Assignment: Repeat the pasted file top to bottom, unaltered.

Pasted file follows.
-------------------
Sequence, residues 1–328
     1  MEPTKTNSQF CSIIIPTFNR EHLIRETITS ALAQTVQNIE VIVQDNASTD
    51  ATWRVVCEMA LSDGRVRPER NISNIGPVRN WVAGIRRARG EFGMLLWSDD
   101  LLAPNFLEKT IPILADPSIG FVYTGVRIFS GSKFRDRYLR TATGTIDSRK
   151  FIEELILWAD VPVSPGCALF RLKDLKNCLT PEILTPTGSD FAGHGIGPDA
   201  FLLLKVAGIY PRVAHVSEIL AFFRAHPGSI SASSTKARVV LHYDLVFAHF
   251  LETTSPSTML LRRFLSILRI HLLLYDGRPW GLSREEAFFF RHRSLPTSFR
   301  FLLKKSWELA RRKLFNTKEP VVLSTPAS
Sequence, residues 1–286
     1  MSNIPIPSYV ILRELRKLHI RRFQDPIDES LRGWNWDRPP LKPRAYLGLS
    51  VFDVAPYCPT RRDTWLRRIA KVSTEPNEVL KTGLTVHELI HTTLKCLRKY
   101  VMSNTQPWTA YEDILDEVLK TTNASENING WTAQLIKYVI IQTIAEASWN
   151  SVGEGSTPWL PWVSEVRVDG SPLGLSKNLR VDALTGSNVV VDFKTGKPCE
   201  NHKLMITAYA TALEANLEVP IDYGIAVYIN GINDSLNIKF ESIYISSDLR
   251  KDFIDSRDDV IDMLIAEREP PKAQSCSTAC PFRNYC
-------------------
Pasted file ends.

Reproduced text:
Sequence, residues 1–328
     1  MEPTKTNSQF CSIIIPTFNR EHLIRETITS ALAQTVQNIE VIVQDNASTD
    51  ATWRVVCEMA LSDGRVRPER NISNIGPVRN WVAGIRRARG EFGMLLWSDD
   101  LLAPNFLEKT IPILADPSIG FVYTGVRIFS GSKFRDRYLR TATGTIDSRK
   151  FIEELILWAD VPVSPGCALF RLKDLKNCLT PEILTPTGSD FAGHGIGPDA
   201  FLLLKVAGIY PRVAHVSEIL AFFRAHPGSI SASSTKARVV LHYDLVFAHF
   251  LETTSPSTML LRRFLSILRI HLLLYDGRPW GLSREEAFFF RHRSLPTSFR
   301  FLLKKSWELA RRKLFNTKEP VVLSTPAS
Sequence, residues 1–286
     1  MSNIPIPSYV ILRELRKLHI RRFQDPIDES LRGWNWDRPP LKPRAYLGLS
    51  VFDVAPYCPT RRDTWLRRIA KVSTEPNEVL KTGLTVHELI HTTLKCLRKY
   101  VMSNTQPWTA YEDILDEVLK TTNASENING WTAQLIKYVI IQTIAEASWN
   151  SVGEGSTPWL PWVSEVRVDG SPLGLSKNLR VDALTGSNVV VDFKTGKPCE
   201  NHKLMITAYA TALEANLEVP IDYGIAVYIN GINDSLNIKF ESIYISSDLR
   251  KDFIDSRDDV IDMLIAEREP PKAQSCSTAC PFRNYC